At 16, for each pixel, distances from the centers of the encompassing triangles are determined relative to the defined boundaries. At 18, the distances and other parameters of the spot function are used to evaluate and/or execute a spot function for each pixel. At 20, a spot function output value for each pixel is used along with an image pixel value (i.e., a value indicative of one or more of pixel brightness, color, etc.) to generate a halftoned pixel value.
It will be appreciated that the method of FIG. 1 can be implemented by a computer 30, which comprises a processor (such as the processor 104 of FIG. 12) that executes, and a memory (such as the memory 106 of FIG. 12) that stores, computer-executable instructions for providing the various functions, etc., described herein.
The computer 30 can be employed as one possible hardware configuration to support the systems and methods described herein. It is to be appreciated that although a standalone architecture is illustrated, that any suitable computing environment can be employed in accordance with the present embodiments. For example, computing architectures including, but not limited to, stand alone, multiprocessor, distributed, client/server, minicomputer, mainframe, supercomputer, digital and analog can be employed in accordance with the present embodiment.
The computer 30 can include a processing unit (see, e.g., FIG. 12), a system memory (see, e.g., FIG. 12), and a system bus (not shown) that couples various system components including the system memory to the processing unit. The processing unit can be any of various commercially available processors. Dual microprocessors and other multi-processor architectures also can be used as the processing unit.
The computer 30 typically includes at least some form of computer readable media. Computer readable media can be any available media that can be accessed by the computer. By way of example, and not limitation, computer readable media may comprise computer storage media and communication media. Computer storage media includes volatile and nonvolatile, removable and non-removable media implemented in any method or technology for storage of information such as computer readable instructions, data structures, program modules or other data.
Communication media typically embodies computer readable instructions, data structures, program modules or other data in a modulated data signal such as a carrier wave or other transport mechanism and includes any information delivery media. The term “modulated data signal” means a signal that has one or more of its characteristics set or changed in such a manner as to encode information in the signal. By way of example, and not limitation, communication media includes wired media such as a wired network or direct-wired connection, and wireless media such as acoustic, RF, infrared and other wireless media. Combinations of any of the above can also be included within the scope of computer readable media.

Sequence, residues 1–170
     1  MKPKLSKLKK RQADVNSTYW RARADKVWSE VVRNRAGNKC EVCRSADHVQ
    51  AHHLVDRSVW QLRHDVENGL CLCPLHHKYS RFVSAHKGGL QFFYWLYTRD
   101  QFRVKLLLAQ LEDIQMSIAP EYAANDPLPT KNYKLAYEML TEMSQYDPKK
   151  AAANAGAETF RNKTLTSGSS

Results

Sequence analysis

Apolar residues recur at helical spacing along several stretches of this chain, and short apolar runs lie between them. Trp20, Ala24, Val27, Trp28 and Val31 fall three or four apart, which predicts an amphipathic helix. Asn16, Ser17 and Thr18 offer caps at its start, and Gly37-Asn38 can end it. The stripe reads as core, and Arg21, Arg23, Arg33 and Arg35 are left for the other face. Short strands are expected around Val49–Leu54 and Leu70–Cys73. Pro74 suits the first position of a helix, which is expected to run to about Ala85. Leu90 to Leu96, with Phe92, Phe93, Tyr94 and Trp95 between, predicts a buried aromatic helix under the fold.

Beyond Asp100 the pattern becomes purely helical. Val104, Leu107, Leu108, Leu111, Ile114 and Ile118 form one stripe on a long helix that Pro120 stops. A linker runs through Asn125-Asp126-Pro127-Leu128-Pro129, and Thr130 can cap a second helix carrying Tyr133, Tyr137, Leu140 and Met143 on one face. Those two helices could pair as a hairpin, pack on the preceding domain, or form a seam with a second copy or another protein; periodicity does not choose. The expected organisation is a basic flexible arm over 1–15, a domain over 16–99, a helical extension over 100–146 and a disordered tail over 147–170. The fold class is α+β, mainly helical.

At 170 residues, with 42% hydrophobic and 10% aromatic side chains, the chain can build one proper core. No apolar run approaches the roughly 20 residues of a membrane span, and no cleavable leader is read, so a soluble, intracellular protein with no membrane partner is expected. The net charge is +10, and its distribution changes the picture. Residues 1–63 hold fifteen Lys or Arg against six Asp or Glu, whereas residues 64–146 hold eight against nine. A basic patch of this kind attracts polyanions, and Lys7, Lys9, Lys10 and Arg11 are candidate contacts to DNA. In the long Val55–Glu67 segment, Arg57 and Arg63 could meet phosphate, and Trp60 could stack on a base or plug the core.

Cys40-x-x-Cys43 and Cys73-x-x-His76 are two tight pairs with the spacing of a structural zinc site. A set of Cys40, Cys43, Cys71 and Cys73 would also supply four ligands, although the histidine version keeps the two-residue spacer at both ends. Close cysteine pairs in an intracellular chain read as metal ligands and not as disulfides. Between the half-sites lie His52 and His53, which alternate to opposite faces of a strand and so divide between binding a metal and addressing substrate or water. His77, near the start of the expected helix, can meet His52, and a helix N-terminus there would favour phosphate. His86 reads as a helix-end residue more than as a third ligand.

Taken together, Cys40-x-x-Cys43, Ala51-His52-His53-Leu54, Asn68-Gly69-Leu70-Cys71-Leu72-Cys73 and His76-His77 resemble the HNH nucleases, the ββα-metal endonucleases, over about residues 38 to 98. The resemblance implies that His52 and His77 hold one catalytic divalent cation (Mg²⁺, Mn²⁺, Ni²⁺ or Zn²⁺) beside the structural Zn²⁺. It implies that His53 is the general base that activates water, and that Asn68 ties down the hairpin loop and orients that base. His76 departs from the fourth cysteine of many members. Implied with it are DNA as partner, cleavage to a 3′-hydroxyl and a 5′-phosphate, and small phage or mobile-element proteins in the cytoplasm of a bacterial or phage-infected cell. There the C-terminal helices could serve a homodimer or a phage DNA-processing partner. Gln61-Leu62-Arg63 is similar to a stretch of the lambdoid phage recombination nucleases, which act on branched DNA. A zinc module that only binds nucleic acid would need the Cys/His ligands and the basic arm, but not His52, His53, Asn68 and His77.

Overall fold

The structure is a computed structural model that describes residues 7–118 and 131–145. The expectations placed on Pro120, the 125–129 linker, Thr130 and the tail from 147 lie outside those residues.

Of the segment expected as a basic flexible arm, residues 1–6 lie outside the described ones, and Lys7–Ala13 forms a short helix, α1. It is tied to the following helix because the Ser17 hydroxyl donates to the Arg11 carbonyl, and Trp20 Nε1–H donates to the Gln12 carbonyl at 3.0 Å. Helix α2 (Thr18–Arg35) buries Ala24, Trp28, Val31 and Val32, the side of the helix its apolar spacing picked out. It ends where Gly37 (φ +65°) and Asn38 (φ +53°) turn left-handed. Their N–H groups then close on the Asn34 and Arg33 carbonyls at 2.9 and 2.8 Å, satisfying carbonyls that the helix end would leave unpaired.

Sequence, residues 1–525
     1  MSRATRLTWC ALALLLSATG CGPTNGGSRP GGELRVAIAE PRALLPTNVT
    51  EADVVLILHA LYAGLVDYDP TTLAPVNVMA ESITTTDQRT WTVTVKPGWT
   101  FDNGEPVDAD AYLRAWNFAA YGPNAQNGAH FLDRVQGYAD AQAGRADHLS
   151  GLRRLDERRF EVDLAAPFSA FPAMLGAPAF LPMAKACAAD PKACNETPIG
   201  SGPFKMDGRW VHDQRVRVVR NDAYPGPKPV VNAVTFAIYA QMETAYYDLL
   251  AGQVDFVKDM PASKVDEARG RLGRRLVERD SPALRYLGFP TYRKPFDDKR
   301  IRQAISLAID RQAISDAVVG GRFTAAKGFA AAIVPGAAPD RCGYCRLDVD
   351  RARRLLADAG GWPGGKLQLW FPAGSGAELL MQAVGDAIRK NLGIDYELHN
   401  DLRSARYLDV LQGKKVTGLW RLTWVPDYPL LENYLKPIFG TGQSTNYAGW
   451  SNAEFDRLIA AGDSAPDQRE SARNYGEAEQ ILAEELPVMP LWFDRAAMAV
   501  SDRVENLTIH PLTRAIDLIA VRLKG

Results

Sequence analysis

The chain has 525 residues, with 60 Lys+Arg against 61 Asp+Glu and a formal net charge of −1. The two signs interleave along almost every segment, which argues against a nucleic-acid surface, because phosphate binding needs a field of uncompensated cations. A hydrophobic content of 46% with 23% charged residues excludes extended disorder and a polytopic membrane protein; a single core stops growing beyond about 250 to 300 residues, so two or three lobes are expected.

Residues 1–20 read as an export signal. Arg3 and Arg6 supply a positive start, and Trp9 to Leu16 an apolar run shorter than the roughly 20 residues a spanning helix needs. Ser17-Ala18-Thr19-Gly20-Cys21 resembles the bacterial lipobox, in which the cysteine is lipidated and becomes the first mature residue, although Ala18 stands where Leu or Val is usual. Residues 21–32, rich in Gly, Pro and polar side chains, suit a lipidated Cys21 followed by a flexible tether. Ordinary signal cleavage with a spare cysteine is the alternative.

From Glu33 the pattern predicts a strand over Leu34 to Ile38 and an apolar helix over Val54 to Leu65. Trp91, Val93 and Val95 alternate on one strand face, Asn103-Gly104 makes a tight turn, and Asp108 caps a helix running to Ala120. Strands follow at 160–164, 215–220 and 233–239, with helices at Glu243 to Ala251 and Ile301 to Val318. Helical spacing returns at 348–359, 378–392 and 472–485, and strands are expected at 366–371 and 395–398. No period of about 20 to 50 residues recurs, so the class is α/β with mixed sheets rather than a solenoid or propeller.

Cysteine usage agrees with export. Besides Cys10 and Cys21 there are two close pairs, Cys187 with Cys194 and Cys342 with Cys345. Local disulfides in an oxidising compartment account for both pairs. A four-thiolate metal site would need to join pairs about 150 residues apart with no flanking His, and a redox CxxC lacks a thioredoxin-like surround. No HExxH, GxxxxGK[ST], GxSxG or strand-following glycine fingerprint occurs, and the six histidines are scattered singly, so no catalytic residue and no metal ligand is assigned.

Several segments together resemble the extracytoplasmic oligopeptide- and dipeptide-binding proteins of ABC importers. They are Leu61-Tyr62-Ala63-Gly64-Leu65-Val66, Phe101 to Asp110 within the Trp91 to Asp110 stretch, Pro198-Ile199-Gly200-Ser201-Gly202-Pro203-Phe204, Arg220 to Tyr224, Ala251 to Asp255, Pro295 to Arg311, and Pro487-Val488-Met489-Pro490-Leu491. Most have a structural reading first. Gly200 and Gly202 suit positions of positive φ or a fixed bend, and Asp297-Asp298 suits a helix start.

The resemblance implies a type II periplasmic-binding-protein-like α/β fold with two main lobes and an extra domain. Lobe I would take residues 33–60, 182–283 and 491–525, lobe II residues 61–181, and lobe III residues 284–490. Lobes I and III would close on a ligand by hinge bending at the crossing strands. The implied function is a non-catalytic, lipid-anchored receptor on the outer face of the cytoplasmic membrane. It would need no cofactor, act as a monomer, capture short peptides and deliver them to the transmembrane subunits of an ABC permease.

A user may enter commands and information into the computer through an input device (not shown) such as a keyboard, a pointing device, such as a mouse, stylus, voice input, or graphical tablet. The computer 30 can operate in a networked environment using logical and/or physical connections to one or more remote computers, such as a remote computer(s). The logical connections depicted include a local area network (LAN) and a wide area network (WAN). Such networking environments are commonplace in offices, enterprise-wide computer networks, intranets and the Internet.
Several techniques are described herein for defining the boundaries and centers of the polygonal tiles, at step 10. According to one example, centers are defined given polygon boundaries and/or vertices. For instance, boundaries may be provided in various forms, such as a definition of repeat patterns, which may be preferred if a periodic tiling is desired. According to another example, a boundary may be defined to include a collection of vertices and a collection of line segments. Given a boundary, the center of a polygon can be defined in one of multiple ways. A strict definition from plane geometry may be employed, or a position that is perturbed from a classically defined center may be used. The canons of plane geometry dictate that all polygons have at least one definition of a center, which is the centroid, and triangles have the following centers: an “incenter,” where the three angle bisectors meet; a “circumventer,” where the three perpendicular bisectors of the sides of a triangle meet; a “centroid,” where the three medians (the lines drawn from the vertices to the bisectors of the opposite sides) meet, also called a center of mass or center of gravity; and an “orthocenter,” where the three altitudes of a triangle meet. In defining a center, a location in a plane or a pixel index may be used.